The speaker, the old man, the gerontion, gives his opinions and impressions of the modern world and laments the direction which it was taking.

Analysis of Gerontion:

The poem starts with a foreshadowing. In those three lines, T S Eliot conveys that this poem will contain person(s) who are neither young nor of age, implying that they cannot work. In short, an old person. ‘Dreaming of both’ implies that this old person dreams of being young and taking action.

True to the foreshadowing, the poem starts with an old man being read to by a boy. He says that it was a ‘dry month’ and that he was ‘waiting for rain’. As we continue forward, we find that these phrases are not literal. They allude to something much more significant and important. The old man then laments of his age, of how he could not participate in the war. There is no explicit mention of a war here, but it is implied by the time the poem was written; 1920 is just an year after the World War I ended. So, we can assume that the old man regretted not participating in this war. He goes on to say, instead of being in the warm rain, swaddling through marshes to fight the enemy, he was in a decayed house. The decayed house can literally refer to the house he was currently in or it can also be a metaphor for his own state; a body which was past its prime. He goes on to describe the mundane household he was in. He describes the owner, a Jew, he describes the landscape and the woman who keeps the house. They are all portrayed as regular and common. This, in contrast with the hotly described battlefield experiences only enhances the condition the old man is currently in.


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We get an idea that the old man was in a house in a valley by the way he speaks of the goat ‘coughing overhead’. The old man says he is a ‘dull head among windy spaces’. By this he means that in this world, where everything was changing too much and too fast, he was remaining the same, dull. But does he regret this? It is answered in the following paragraphs.

The old man then speaks of signs. This exudes religious characteristics. Signs are often used in religions to convey a path, truth or decision. The old man speaks of signs here and says that while trying to find the deeper meaning of a sign, nothing is gained and everything is lost. ‘word within a word, unable to speak a word’ is an apt sentence for this. He says the signs are swaddled with darkness; but not really. Humans are the ones covering them in darkness and hence seeing and interpreting only a part of it at a time; and hence losing the main meaning. He ends this paragraph by saying in the young year, came Christ the Tiger. Christ is loving, but here, the old man means to say, looking at the actions of the humans, that Christ is now judgemental.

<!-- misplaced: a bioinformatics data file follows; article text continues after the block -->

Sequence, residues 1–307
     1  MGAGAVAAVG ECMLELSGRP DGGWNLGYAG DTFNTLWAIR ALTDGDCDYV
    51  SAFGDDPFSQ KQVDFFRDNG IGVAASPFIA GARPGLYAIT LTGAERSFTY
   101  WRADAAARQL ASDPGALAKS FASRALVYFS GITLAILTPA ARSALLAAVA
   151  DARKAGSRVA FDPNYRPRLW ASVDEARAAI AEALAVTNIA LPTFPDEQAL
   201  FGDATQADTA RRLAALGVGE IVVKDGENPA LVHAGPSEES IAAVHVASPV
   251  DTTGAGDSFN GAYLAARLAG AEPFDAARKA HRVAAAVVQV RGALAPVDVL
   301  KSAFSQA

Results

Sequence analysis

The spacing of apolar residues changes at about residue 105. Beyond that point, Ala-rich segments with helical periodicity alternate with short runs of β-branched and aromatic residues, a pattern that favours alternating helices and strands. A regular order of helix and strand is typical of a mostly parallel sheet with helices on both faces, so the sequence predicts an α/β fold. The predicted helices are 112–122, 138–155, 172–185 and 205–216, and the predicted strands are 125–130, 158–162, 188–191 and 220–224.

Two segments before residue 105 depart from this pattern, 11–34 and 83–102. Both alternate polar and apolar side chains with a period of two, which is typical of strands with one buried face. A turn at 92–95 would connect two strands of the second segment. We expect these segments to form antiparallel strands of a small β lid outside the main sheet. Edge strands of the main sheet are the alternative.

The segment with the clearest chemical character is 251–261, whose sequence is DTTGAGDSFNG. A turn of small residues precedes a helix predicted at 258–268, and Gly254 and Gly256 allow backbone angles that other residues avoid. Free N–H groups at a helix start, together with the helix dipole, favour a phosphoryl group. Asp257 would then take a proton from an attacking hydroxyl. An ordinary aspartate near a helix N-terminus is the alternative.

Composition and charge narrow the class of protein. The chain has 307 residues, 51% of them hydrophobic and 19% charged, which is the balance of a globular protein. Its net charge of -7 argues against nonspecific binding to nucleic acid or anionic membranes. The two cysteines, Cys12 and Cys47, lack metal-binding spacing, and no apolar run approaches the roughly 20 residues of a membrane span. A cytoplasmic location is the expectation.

The religious references continue in the fourth paragraph in the form of ‘depraved May’ and ‘flowering Judas’. In this paragraph, the old man continues to speak of the fallen state of humans. There are references to World War I in this paragraph too in the form of names. Mr. Silvero, Italian, Hakagawa, Japanese, Madame de Tornquist, French and finally, Fraulein von Kulp, German. They represent their respective countries and the old man speaks of how the countries behaved in the war through the actions of these four people; Italians, coaxing and caressing while all the while restless, the Japanese bowing to Italians, the French delaying the end by ‘shifting candles in the dark room; meaning they had the means to banish the dark, the war but they did not, and finally the Germans who entered the war but were ready to flee anytime. The war is but a big stage to showcasing the depths to which humans fell. And it is of this that the old man speaks. The old man again regrets his inaction while so much was happening in the world by saying ‘I have no ghosts’.